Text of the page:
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de_la_rosa
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re: Moore's Law threatened by lithography woes
de_la_rosa   10/20/2012 9:01:06 PM
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Airplanes developed at an astonishing rate 1900-1960s. Then 1960s-2012 we pretty much have the same technology in the air. I see the same thing happening with the semiconductor industry. EUV or Ebeam will be in operation for decades without dramatic improvement in resolution or throughput. The semiconductor industry will not be the highest tech during this future era.

resistion
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re: Moore's Law threatened by lithography woes
resistion   10/15/2012 5:15:28 AM
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EUV is the most expensive to develop, so it requires industrial consortia or collaborations to be able to channel (i.e., waste) this level of spending. I am sure the next thing they will think of is to abandon 13.5 nm and work on the next wavelength 6.7 nm.

resistion
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re: Moore's Law threatened by lithography woes
resistion   10/15/2012 5:06:22 AM
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I can imagine imprint for HDD patterned media but not for Toshiba's NVM, mainly because they had been promoting the BICS approach for 3D NAND, which would avoid shrinking linewidths.

Diogenes53
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re: Moore's Law threatened by lithography woes
Diogenes53   10/15/2012 12:04:32 AM
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You are quite correct, IMHO. EUV would be last on any reasonable scale (had not so many careers not been invested in it) , but DSA wouldn't even be on the scale. Multibeam (a.k.a. e-beam direct write) has been around in various incarnations for decades and always ends up not on silicon, but on masks, where it belongs. Problem is no one will invest solely in mask writers, a tiny, yet demanding market. So, inventors in the direct write space always sell investors on silicon and are invariably disappointed.

Diogenes53
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re: Moore's Law threatened by lithography woes
Diogenes53   10/14/2012 11:57:37 PM
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DSA is a another pipedream, the latest shiny penny in a 2 decade search for a replacement for optical when it runs out of gas, which presumably was 2 decades ago. It is yet another screaming example of "nice from far but far from nice". Everyone one of these "solutions" had an Achilles Heel(s) of either source, mask or resist. This includes EUV, a.k.a. soft x-ray projection lithography. Meanwhile, it looks like imprint is indeed on Toshiba's roadmap for nonvolatile memory. Why? Because imprint uses commercial resists, masks, and sources, is cheap, and must only reduce defects.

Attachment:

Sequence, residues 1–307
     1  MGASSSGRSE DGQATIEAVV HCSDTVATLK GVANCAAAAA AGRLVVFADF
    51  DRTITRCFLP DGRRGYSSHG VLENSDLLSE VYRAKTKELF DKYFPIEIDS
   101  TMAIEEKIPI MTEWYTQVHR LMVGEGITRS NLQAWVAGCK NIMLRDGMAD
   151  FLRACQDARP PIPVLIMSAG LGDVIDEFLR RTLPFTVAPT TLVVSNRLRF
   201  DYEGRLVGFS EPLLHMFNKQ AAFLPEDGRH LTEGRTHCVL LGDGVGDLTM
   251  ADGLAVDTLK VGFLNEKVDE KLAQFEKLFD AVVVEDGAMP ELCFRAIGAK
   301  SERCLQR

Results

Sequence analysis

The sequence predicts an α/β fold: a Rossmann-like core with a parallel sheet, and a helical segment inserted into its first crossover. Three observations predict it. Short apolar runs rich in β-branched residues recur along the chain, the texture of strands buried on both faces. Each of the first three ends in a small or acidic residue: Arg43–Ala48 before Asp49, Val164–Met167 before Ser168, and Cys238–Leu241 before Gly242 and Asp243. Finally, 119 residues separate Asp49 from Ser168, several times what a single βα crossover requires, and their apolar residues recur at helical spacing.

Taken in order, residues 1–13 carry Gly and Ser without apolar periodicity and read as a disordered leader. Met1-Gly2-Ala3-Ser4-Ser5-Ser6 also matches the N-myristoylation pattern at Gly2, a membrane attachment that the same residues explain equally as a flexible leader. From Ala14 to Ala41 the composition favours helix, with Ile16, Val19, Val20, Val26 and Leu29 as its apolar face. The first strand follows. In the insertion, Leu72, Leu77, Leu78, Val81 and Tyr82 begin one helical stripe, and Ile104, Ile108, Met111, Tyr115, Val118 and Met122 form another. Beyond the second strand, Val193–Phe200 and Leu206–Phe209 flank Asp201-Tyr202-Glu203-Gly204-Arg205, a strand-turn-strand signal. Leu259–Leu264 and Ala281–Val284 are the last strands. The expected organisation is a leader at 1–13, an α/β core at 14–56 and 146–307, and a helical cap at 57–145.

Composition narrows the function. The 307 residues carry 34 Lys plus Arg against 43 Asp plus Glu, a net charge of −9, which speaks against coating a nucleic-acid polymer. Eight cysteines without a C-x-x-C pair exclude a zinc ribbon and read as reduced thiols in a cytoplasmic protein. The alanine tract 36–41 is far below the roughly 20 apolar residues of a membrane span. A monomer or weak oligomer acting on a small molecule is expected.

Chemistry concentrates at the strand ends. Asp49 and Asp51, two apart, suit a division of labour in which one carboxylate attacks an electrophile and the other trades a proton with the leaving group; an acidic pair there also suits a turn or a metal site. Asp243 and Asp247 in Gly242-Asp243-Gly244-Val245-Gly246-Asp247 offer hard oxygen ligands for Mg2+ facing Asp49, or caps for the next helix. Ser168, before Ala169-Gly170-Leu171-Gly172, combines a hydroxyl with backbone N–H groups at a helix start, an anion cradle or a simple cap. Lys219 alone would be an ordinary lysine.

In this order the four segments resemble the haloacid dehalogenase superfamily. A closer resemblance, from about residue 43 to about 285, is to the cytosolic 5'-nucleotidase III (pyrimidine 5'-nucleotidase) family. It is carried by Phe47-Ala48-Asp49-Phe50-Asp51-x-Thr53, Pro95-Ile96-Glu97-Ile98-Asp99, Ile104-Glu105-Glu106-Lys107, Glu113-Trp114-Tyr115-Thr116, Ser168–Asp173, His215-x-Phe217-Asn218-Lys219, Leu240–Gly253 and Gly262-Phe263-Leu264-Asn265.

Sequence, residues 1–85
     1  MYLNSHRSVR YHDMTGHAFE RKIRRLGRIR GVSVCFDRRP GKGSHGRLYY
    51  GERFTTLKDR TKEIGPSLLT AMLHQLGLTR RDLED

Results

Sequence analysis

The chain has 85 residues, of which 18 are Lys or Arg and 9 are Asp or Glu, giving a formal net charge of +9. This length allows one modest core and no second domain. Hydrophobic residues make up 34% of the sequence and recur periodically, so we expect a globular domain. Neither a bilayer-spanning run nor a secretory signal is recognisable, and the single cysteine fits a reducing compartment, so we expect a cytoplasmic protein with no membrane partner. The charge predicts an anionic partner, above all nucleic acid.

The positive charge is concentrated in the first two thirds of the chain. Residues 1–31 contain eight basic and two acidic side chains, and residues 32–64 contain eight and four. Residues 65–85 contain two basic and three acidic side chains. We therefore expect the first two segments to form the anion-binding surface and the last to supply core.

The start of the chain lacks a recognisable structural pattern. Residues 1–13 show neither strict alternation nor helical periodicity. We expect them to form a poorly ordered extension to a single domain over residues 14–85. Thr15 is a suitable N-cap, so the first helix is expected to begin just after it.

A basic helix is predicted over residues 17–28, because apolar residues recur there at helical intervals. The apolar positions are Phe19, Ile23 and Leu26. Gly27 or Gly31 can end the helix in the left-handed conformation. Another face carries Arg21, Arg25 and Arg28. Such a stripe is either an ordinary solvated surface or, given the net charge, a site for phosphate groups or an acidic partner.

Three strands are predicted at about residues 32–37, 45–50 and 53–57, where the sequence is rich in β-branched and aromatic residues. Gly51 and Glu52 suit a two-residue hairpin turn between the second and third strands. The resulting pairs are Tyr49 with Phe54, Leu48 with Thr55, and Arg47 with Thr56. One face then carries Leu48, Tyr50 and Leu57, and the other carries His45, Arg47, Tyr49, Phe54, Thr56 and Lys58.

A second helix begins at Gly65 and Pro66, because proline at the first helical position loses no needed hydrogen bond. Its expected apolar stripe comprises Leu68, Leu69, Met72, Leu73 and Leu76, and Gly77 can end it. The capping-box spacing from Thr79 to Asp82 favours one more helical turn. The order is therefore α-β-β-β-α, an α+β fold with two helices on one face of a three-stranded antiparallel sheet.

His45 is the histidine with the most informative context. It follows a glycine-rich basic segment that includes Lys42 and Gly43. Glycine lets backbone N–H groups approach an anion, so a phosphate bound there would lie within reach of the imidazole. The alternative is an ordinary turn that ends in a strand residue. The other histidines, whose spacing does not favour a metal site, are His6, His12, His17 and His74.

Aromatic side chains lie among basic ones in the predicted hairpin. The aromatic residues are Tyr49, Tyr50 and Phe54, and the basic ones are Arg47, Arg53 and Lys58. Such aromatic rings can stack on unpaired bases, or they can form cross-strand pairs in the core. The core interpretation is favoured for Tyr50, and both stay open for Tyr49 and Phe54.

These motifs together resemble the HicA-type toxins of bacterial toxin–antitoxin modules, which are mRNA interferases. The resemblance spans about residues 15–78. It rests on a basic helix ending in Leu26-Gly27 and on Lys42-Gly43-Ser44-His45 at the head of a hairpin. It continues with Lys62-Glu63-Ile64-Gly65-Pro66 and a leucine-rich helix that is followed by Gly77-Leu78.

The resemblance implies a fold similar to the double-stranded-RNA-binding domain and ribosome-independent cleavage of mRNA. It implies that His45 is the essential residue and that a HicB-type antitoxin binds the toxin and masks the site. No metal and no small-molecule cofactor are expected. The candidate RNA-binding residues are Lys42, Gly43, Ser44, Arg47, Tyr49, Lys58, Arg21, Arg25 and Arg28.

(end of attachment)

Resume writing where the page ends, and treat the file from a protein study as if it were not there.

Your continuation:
Kresearch
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re: Moore's Law threatened by lithography woes
Kresearch   10/14/2012 11:24:20 PM
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Who plans DSA or imprint in their Litho Roadmap? Intel? No. tsmc? No. Samsung? No. IBM Alliance? No? SEMATECH? Use it as bridge tool to wait EUV readiness. So?

resistion
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re: Moore's Law threatened by lithography woes
resistion   10/10/2012 4:57:20 PM
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It's interesting..I heard they even had a 450 mm version out. But can the imprint templates even be inspected properly at this point?

krisi
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re: Moore's Law threatened by lithography woes
krisi   10/10/2012 3:48:50 PM
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I wondered about DSA earlier...many people say it is not production ready yet...thank you for sending the link John, production worthiness is here!

John Verhaverbeke
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re: Moore's Law threatened by lithography woes
John Verhaverbeke   10/10/2012 3:43:10 PM
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I agree with Litho Lady. DSA has made interesting progress and nanoimprint is actually selling multiple tools! http://www.perssupport.nl/apssite/persberichten/full/2012/09/24/Molecular+Imprints+Receives+Multiple+Unit+Purchase+Order+To+Provide+Advanced+Lithography+Equipment+For+High+Volume+Semiconductor+Manufacturing

resistion
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CEO
re: Moore's Law threatened by lithography woes
resistion   10/10/2012 3:02:26 PM
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I'm sure Moore's Law was not supposed to mean doubling EUV power every two to three years.

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